In Merlin’s Cave, Hank, Clarence, and their 52 “fresh, bright, well-educated, clean-minded […] British boys” wait for the onslaught. Hank orders all the factories closed and abandoned with the warning that he will be blowing them up in the near future. In the week they wait for the attack, Hank busies himself with writing, first catching the story of his adventures up to the present moment and then writing letters to Sandy and Hello-Central. The letters make him feel almost as if his family is with him.
Hank and the tiny fragment of medieval England he was ultimately able to adopt his 19th-century ideals wait for the crashing wave of England’s chivalry. Hank’s account of writing letters to his family, although an aside to the novel’s plot, offers a touching description of the power of writing to make distant events and people feel close—a fitting reflection for a work of fiction.
Hank’s spies carry news of the gathering forces of knights and priests, and Hank slowly starts to realize how much of a “donkey” he was to believe that just introducing the idea of a republic would be sufficient change society. The spies tell Hank that as soon as the gentry and the Church expressed their displeasure, the remaining ranks of society quickly fell into line behind their “righteous cause” of killing the republic. Soon enough, the boys realize what Hank already knows: “All England—ALL ENGLAND—is marching against [them]!” They don’t want to destroy their nation or kill their own kin.
Despite his awareness of the power that training holds over people’s thoughts and actions, Hank failed to fully account for it in his attempt to impose his 19th-century society on the Arthurian England. With a colonial mindset that his ways were inherently superior, he misjudged how complacent most people were in the old status quo. As soon as the opportunity arises to reclaim their power, the chivalry and nobility seize it, the rest of the country falls into line out of habit.
Hank assures his boys that they will have to do no such thing. Thirty thousand knights march against them, and as soon as they engage with the republican’s greater force, the rest of the “civilian multitude” will abandon them. Sufficiently heartened, the boys shout their refusal to retire from the field of battle. When the sun rises on the “big day,” it reveals a host of knights approaching the cave like a tsunami. When they are close enough that the defenders can see the plumes on their helmets, a trumpet sounds and the cavalry breaks into a gallop. When the reach the yellow belt of sand, they trigger the land mines and are turned into “a whirling tempest of rags and fragments.” Hank choses that moment to remotely detonate the explosives under all of the abandoned “civilization-factories.”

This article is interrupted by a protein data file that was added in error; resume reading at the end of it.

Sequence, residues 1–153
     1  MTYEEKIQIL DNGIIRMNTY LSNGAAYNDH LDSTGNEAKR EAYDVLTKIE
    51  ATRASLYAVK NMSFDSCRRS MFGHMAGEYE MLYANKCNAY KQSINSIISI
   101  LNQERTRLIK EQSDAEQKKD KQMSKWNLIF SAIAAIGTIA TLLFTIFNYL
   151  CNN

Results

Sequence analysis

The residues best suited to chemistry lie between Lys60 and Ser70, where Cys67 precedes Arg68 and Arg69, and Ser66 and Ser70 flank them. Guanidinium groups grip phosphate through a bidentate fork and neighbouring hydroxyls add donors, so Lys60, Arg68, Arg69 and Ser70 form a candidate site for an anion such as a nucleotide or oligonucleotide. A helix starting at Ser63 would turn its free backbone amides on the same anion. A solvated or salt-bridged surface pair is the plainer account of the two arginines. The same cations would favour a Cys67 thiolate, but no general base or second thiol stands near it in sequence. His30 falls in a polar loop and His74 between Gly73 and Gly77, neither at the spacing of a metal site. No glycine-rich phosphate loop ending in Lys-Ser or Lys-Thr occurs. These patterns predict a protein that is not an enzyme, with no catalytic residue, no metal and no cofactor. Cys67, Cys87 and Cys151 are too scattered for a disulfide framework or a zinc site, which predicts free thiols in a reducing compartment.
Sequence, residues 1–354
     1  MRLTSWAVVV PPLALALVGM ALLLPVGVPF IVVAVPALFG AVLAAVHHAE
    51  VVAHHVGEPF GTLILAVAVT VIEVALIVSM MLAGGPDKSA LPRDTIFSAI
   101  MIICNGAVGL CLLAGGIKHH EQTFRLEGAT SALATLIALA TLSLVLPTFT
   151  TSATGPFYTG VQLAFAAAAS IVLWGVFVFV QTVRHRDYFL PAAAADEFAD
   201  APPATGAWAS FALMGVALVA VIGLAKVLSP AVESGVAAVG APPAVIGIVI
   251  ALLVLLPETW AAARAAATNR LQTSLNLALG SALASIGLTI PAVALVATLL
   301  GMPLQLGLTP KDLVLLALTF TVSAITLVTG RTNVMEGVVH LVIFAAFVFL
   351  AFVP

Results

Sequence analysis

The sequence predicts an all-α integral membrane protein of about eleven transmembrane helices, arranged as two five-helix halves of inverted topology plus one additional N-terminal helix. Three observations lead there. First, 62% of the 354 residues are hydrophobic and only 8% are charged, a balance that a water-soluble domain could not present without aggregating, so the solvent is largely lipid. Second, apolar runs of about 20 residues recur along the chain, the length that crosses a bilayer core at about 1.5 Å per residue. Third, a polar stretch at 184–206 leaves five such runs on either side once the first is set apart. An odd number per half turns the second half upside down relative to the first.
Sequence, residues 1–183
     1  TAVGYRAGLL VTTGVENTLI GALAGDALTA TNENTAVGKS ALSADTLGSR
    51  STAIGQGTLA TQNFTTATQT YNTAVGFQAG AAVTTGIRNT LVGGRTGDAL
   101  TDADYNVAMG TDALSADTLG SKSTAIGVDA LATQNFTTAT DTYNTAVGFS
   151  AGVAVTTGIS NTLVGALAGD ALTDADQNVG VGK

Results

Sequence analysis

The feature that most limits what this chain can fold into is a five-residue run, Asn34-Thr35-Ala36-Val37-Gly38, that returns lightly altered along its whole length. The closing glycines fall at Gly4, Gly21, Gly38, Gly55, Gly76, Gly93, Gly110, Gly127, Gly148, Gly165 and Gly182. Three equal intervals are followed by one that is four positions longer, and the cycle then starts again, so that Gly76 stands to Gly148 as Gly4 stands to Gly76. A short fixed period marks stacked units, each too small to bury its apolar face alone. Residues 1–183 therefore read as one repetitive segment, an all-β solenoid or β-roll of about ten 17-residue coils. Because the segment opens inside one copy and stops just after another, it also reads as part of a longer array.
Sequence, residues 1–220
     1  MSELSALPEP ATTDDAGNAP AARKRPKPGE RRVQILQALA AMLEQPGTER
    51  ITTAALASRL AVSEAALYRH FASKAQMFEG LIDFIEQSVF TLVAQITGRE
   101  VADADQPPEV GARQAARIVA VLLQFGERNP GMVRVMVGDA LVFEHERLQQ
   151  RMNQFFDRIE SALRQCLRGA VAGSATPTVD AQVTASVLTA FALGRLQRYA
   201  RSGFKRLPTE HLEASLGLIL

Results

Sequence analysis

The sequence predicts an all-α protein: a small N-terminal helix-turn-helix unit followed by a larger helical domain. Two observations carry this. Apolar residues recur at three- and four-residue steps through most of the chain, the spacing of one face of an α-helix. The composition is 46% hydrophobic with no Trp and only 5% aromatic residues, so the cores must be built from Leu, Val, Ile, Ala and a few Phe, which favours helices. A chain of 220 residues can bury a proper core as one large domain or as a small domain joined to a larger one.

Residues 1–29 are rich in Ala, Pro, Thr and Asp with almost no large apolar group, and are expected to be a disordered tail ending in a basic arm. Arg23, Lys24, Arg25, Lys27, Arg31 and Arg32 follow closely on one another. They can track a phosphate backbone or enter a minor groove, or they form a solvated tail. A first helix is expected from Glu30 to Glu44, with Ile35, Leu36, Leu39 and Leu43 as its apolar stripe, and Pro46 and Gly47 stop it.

Having once seized authority from the medieval society by defeating Sagramore and others in combat, Hank confidently predicts that he can do so again. Despite his belief in the power of democracy and the inherent equality and rights of the English citizens, he betrays a profound disrespect for their autonomy in his assurance that, with their leaders gone, they will fall into line behind him again. Hank doesn’t see the lesson of how people cling to their old ways, although he has concluded that no remnant of the old order can remain.
It takes half an hour for the smoke to clear away, revealing no living creatures anywhere near the cave, and a new ditch carved out by the explosions. The “destruction of life” is “amazing” and “beyond estimate” since the dead are no longer individuals, only “homogeneous protoplasm.” Hank knows that there are no reinforcements and that this is the “last stand of chivalry in England.” He issues a congratulatory proclamation to his army for their “brief” and “glorious” conflict. This is, he knows, the only engagement in the war. And it’s imperative that they finish the job, since “English knights can be killed, but they cannot be conquered.”